Expertise and experience:
1. Advising and mentoring Amherst College students and young alumni who seek to explore and pursue careers in health.
2. Teaching (until December 2010 at Hampshire College in Amherst, Massachusetts, and as adjunct lecturer at UMassAmherst School of Public Health), mentoring, advising, dialogue, organizing, advocating, and experience to learn, practice, and pursue health in all its dimesnions. Has included courses on health disparities, and cultural and linguistic competence,
internships, independent study, research, seminars to build leadership capacity of young people and future public health work force.
Synthesizing research on social determinants of health, resilience, traumatic childhood experiences, racism, chronic stress, and conditions for productive dialogue that will have a significant impact on future public health practice.
3. Translating this research into humane MCH and public health practice to improve the health of women and children, with systems that honor families, communities, and cultures.
4. Integrating cultural understanding and respect as a key strategy to end health disparities.
5. Changing the language of public health and medicine to better reflect our ideals and purpose.
6. Bringing multiple stakeholders together to untangle complex public health challenges and take collaborative action to solve them.

1. Inspiring a new generation of leaders in public health and service through a wide range of local, national, and global opportunities.
Until January 2011, consultation to individuals, communities, organizations to build capacity in the above, by
a) Inspiring keynotes, presentations, workshops.
b) Organizing forums to build essential but previously unlikely partnerships.
c) Serving as catalyst for intergenerational and cross-cultural dialogue.
c) Writing papers and grants.
3. Organization and facilitation of interactive meetings with broad stakeholder participation to unite diverse parties and spark action to create public health equity.

For more information, contact:

"A smile is the light in the window of your face, which tells people that your heart is at home."
- Kolawole Bankole, M.D, M.S

Friday, July 31, 2009

Health Disparities Course Hampshire College Fall 2009

By Richard A. Aronson, MD, MPH: For a long time now, I have been wanting to focus my full energy on teaching, mentoring, and being in dialogue with college level students to inspire them to pursue public health as a noble profession…a profession that: 1. Forms its foundation in the quest for social justice. 2. Honors the dignity of all people and communities throughout the world, and their languages and cultures and religions. 3. Unites multiple stakeholders for collaborative action. 4. Combines mind, body, and spirit in its vision of health. 5. Integrates and applies the internal and external dimensions of healing. 6. Focuses on common ground and celebrates diversity. 7. Represents an exquisitely inter-disciplinary field of study that combines the natural and social sciences, and humanities. 8. Fosters a legacy of hope. To that end, I am honored to have the opportunity to teach a course this fall at Hampshire College in Amherst, Massachusetts. The title of the course is “Health Disparities”, and it will be a seminar-type course for roughly 25 students, meeting twice a week (Tuesdays and Thursdays 2 – 3:20 pm Eastern Time USA). Students from the other colleges in the Five-College Area (Amherst, Smith, Mount Holyoke, and the University of Massachusetts) will be able to enroll. The course will be part of a Five-College Inter-Disciplinary Program called Culture, Health, and Science. I have put the course description below. I welcome suggestions for any reference materials (articles, books, videos, stories, poems, web sites, works of art, community organizations, etc.) that I could include in the syllabus or in the classes themselves or case examples of best practices. Thank you. I'm at I look forward to hearing from you. Thank you!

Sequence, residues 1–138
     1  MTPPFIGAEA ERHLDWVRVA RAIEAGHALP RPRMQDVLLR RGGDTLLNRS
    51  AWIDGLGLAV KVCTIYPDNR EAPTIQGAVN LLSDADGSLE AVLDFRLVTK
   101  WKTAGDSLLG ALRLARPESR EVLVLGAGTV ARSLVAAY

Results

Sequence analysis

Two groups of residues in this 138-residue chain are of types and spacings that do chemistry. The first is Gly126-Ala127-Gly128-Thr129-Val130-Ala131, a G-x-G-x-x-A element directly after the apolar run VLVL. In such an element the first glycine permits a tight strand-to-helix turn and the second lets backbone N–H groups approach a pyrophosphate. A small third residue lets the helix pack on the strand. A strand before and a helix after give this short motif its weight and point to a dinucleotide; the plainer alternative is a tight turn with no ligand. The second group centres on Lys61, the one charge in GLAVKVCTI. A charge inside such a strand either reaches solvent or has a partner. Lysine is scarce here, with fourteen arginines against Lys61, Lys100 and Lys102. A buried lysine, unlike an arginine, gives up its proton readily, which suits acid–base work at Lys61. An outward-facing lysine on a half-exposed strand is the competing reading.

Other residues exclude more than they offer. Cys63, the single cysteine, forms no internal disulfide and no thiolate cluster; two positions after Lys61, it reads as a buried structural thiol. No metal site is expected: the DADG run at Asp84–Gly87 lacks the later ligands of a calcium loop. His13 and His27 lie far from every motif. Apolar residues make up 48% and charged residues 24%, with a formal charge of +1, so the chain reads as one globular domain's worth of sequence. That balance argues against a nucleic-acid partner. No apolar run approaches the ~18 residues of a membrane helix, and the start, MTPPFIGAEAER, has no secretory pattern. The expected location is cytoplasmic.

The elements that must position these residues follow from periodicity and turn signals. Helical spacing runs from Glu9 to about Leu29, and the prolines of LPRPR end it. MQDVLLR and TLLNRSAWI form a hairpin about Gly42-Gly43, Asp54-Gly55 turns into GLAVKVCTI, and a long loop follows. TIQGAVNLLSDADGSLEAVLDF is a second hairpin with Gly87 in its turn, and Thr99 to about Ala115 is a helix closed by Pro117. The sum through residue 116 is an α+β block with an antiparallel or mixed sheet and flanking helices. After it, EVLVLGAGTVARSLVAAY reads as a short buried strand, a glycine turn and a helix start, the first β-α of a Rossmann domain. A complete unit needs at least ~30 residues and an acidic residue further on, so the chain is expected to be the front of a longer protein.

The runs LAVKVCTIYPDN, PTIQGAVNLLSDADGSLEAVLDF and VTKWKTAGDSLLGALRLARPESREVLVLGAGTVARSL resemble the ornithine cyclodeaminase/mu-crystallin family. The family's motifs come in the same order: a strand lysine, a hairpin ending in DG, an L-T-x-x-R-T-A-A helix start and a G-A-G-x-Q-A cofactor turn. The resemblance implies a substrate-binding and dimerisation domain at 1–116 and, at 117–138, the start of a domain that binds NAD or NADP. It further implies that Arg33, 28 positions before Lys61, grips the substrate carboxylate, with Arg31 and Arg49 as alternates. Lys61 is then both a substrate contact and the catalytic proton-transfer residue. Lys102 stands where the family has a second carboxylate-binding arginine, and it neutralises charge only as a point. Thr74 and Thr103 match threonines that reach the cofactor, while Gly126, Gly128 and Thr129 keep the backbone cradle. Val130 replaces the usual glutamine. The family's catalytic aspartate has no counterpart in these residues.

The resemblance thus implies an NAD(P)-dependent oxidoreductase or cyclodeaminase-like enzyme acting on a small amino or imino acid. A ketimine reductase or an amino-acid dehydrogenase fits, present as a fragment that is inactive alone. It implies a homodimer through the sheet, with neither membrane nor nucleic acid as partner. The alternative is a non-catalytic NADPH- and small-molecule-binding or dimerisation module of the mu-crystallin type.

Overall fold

Health Disparities Course Description
Fall 2009
Hampshire College Course 209 School of Natural Science
Room 333, Cole Science Center, 2-3:20 pm, Tuesdays and Thursdays
Professor: Richard A. Aronson, MD, MPH

Social injustice and inequality create conditions that lead to unconscionable health disparities according to race, ethnicity, gender, childhood experiences, and many other factors. An example is the infant mortality gap in the United States, where black babies die at more than twice the rate of whites. This course explores the origins of selected health disparities and highlights promising community-based efforts to address them. How do we define health disparities in a public health context? How do such disparities occur and persist across generations? What is the "life course perspective" for maternal and child health? Specifically, how does chronic stress experienced by women of color in the U.S. make them more likely to give birth to premature and low weight babies? And how are traumatic childhood experiences associated with earlier and more severe chronic diseases in adulthood? We will explore research related to these questions, and then consider specific promising community-based practices. We will critically examine how such practices: 1) Draw on the resilience of individuals, families, and communities; 2) Tap into the potential for social capital to enrich physical, mental, and spiritual health; 3) Foster collaborative action among multiple stakeholders, including the communities directly affected, to trust each other and unite as equal partners; and 4) Emphasize learning how culture and language influence health, and how the need to respect culture and to communicate clearly is essential to effective and humane programs, policies, and systems. Throughout the course, we will seek, in various ways, to include the voices of people and communities who have experienced disparities into our dialogue.